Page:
Here There Be Dragons
Recently I participated in a little light hearted back and forth banter with a friend of mine over the merits of world building in science fiction versus contemporary. She finds writing in contemporary, aka “real” worlds, much easier than creating something for a science fiction scenario. I’m just the opposite. I find trying to put a story in a “real” world format extremely limiting. Trust me, readers get irate over insignificant little errors about where a store is located or whether or not a certain roadway ever existed in said township. Give me the freedom of an imaginary world any day of the week.
Maybe the reason this is easier for me is I simply have to select a part of the known world that is similar in nature to my imaginary world and voilà, instant geography. Why re-invent science when so much of it is evident around us on a daily basis? If plants and animals can survive in the Arctic, why not on Mars? I don’t have to know why certain conditions exist or explain how a desert can be deadly hot in the day and freezing at night. I don’t have to explain why some cave systems are 55 degrees and others are 80. It exists. It happens. Live with it.
Lots of folks (including some scientists) are dead certain we can never colonize Mars. But have you looked at where people live on our own planet? Some of the most inhospitable places around. Humans are highly adaptable and where there’s a will, we find a way. Bolivians in La Paz breathe such a rarified atmosphere most normal humans find themselves dizzy after only a couple of minutes. Trust me. Been there at the airport. Light-headedness is not fun. Take the scientists at McMurdo Base in Antarctica. Oh wait, that’s not real people living and working in a harsh environment. No, those real people live in the northernmost points of Alaska, Russia, Canada, etc. The cold and harsh climate doesn’t slow them down from raising families and living life to the fullest.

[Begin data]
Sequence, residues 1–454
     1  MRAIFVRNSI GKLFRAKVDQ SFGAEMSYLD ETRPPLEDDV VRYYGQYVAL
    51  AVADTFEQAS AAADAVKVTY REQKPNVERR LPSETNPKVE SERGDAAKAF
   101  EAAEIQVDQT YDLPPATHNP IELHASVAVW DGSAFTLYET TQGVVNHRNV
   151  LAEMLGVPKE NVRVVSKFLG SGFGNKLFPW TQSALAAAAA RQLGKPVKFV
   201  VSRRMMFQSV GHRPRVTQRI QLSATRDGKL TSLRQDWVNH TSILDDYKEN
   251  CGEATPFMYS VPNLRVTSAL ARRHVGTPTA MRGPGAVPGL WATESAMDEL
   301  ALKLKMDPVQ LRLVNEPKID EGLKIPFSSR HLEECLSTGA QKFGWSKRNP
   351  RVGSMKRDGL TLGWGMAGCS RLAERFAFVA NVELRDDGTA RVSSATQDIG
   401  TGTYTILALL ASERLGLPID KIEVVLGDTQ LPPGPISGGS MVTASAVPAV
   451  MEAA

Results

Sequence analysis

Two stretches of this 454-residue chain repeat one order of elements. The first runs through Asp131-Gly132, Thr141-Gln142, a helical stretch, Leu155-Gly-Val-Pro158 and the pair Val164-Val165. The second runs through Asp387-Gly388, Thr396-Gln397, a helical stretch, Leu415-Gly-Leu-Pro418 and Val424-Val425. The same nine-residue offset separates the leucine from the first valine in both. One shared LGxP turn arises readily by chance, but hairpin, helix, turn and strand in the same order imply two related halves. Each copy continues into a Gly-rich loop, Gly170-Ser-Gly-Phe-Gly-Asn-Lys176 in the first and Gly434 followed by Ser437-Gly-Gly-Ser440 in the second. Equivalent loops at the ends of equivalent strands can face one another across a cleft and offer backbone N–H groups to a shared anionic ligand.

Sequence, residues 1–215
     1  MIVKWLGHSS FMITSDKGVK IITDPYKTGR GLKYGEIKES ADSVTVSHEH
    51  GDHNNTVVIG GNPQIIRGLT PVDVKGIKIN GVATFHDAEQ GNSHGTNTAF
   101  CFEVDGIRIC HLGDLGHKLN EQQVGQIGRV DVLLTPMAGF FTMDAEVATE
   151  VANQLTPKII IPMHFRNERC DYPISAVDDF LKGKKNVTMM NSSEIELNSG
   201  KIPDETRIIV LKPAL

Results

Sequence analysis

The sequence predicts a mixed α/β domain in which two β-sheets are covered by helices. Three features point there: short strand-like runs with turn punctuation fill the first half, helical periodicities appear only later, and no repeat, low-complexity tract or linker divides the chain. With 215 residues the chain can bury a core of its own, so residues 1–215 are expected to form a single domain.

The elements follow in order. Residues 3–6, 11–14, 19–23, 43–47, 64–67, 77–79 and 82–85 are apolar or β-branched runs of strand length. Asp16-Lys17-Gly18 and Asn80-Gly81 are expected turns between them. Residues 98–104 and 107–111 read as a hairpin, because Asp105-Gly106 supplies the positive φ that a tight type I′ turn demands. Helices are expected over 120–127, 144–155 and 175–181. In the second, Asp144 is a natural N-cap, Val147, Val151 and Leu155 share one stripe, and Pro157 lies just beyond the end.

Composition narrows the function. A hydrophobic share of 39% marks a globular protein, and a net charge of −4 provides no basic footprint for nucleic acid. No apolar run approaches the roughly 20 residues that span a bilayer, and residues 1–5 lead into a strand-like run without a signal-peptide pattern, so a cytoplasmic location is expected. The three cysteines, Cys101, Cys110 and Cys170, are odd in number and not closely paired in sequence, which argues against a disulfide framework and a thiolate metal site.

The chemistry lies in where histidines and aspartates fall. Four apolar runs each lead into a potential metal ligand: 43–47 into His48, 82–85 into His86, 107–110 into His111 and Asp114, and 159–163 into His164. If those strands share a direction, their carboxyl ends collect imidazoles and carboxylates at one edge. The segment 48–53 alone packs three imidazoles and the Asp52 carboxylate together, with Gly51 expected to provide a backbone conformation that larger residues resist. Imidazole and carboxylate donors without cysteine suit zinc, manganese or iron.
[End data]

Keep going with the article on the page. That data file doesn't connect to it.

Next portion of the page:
The point is people adapt to any environment if they have a strong enough motivation and reason. We harness incredible energy and find ways to adapt it and use it that could almost be considered “magic.” We have learned to grow food in new and creative ways. We design shelters and habitats to protect in a wide range of harsh climates. A quick search on the Internet shows most of the technology needed to colonize Mars already exists. We just don’t have an incentive to do so yet.
Meanwhile, I’ll continue to draw on earthly environments and experiences to create my imaginary planets. After all, that’s what good writers do: we take our own experiences and the experiences of others and repackage them into worlds that are at once familiar and strange. If we do it right, we often surprise our readers with how comfortable they are in a different place.